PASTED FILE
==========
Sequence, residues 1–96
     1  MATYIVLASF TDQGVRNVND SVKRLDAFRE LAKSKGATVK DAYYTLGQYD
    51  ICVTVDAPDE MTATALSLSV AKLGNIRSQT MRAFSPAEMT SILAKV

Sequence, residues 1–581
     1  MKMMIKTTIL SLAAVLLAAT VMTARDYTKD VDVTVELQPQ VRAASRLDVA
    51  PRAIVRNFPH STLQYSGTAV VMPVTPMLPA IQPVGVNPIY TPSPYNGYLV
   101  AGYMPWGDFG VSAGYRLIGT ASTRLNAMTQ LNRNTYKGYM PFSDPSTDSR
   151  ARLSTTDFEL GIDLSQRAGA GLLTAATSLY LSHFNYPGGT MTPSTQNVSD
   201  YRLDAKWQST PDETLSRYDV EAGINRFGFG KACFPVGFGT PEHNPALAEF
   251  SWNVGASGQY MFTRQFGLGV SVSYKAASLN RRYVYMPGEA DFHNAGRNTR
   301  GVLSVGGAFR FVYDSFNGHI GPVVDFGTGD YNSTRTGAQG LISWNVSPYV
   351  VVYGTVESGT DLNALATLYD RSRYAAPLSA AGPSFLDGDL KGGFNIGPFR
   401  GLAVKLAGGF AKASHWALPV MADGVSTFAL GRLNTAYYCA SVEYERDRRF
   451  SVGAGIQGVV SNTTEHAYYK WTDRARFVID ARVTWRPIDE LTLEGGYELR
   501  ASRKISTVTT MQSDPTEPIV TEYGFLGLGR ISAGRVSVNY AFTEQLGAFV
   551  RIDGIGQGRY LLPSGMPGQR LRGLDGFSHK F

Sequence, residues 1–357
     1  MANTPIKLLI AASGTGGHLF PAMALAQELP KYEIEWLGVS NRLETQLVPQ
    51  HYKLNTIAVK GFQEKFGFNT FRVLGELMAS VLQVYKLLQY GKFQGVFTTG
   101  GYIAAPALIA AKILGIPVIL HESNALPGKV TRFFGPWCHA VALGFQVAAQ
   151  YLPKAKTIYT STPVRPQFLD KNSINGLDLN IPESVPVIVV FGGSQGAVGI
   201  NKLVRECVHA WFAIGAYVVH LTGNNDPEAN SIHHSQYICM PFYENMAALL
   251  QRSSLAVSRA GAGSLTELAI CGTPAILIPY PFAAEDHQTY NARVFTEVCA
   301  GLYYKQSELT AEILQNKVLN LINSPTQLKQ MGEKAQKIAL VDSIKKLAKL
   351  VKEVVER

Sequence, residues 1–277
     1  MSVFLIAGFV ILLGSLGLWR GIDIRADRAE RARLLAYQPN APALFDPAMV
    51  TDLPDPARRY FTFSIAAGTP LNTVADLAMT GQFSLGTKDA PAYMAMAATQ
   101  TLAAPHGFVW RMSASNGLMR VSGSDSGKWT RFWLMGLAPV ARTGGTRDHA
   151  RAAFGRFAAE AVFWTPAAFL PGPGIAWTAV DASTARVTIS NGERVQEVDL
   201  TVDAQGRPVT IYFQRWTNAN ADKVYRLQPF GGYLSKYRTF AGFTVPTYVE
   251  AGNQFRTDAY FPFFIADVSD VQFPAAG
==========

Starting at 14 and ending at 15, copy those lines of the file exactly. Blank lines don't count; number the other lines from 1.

   451  SVGAGIQGVV SNTTEHAYYK WTDRARFVID ARVTWRPIDE LTLEGGYELR
   501  ASRKISTVTT MQSDPTEPIV TEYGFLGLGR ISAGRVSVNY AFTEQLGAFV